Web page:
Are your employees holding your company hostage? Of course not- you’re the manager, right? Your employees don’t determine the functionality or success of your department- management does… Or do they?
Hopefully, toxic employees at your company are few and far between, but even one toxic employee can contribute to the catastrophic One-Layer-Deep Effect. The One-Layer-Deep Effect occurs when only one employee is knowledgeable or responsible for doing a task that is essential to the day-to-day activity of the business. For instance, I have consulted a company that had a very experienced, very knowledgeable account representative that had been on staff for over a decade. This front-line employee’s tenure combined with her high aptitude made her the go-to representative for complicated compliance questions and major account servicing since her peers were not as developed. Unfortunately, this employee was also known for being a Negative Nancy- frequently interrupting meetings with pessimistic comments, talking down to peers, and even treating the customer with disrespect. So why didn’t we just get rid of her? No one else had the knowledge she possessed, so there would be a major gap in services if we let her go or if she left voluntarily. As a result, we tolerated behaviors that were otherwise disciplined, and we met the employee’s unrealistic demands in order to keep her happy. Sounds like a hostage situation to me.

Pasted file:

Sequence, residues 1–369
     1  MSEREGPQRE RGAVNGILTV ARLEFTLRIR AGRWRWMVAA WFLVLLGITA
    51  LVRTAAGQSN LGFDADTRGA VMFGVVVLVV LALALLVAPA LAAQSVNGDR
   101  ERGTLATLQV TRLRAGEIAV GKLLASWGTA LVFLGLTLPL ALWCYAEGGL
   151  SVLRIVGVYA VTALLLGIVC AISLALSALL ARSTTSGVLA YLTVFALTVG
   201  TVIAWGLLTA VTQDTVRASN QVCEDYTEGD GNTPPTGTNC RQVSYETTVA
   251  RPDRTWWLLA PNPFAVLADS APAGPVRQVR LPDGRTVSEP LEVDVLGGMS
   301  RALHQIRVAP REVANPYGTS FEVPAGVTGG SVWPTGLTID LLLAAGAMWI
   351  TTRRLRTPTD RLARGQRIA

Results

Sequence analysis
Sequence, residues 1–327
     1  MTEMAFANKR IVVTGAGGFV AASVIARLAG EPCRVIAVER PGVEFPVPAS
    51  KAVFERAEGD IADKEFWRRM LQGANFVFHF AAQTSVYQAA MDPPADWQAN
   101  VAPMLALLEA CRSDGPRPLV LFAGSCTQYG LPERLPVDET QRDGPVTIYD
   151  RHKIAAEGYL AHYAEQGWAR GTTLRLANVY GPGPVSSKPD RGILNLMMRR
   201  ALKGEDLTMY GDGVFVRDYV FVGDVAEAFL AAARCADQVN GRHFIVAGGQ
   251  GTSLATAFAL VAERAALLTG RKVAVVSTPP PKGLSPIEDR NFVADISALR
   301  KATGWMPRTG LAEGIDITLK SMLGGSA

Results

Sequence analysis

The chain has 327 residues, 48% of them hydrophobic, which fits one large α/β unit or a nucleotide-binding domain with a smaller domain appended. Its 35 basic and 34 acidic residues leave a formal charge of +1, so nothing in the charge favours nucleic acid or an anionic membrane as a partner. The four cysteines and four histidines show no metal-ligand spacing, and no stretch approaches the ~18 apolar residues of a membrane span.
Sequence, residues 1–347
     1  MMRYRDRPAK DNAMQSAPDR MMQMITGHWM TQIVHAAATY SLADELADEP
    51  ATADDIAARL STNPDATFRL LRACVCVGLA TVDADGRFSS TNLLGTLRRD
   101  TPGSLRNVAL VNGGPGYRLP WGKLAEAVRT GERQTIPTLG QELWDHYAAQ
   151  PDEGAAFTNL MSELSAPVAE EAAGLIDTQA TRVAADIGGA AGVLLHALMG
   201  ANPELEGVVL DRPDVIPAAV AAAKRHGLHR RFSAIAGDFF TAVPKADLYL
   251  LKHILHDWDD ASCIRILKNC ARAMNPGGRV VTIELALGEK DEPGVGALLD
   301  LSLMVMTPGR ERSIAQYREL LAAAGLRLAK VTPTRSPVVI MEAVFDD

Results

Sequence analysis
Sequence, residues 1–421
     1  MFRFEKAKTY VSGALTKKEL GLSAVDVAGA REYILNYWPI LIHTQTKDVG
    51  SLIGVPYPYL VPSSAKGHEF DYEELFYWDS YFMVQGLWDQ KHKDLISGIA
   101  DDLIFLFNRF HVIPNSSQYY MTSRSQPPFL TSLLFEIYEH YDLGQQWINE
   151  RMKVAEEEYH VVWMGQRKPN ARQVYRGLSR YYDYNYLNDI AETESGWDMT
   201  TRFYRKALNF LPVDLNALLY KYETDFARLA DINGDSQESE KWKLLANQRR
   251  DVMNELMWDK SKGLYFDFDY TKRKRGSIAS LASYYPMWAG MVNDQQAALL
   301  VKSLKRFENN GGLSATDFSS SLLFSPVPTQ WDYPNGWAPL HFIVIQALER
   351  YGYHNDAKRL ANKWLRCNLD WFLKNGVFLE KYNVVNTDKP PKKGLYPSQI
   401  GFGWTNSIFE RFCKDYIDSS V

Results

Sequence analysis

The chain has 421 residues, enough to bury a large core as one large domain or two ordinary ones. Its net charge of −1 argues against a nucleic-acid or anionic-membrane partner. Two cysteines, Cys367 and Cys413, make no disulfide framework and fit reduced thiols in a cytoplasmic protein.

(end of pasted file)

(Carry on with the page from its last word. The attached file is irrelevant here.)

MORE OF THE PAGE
So how do you add a second layer? Consider engaging in internal succession planning to train your existing employees to grow and learn more about their next professional step. Otherwise, consider improving your talent gene pool by adding staff and evaluating your company’s current recruiting and hiring practices when developing existing staff isn’t a viable solution. Here are a couple things to keep in mind to avoid future one-layer-deep situations:
- Applicants who are extremely overconfident about their qualifications are more likely to be a toxic employee post-hire.
- Recruiting only Type A personalities can result in a battle-of-the egos when fighting over the short straw to do grunt work.
- Perks are nice for employees, but all the free snacks and foosball in the world won’t be able to make up for an enabled toxic work environment.
Do you have positions or responsibilities in your organization that are one-layer-deep? What necessary steps do you need to take to install a second layer?
The postings on this site are my own and do not necessarily reflect the views of my current employer.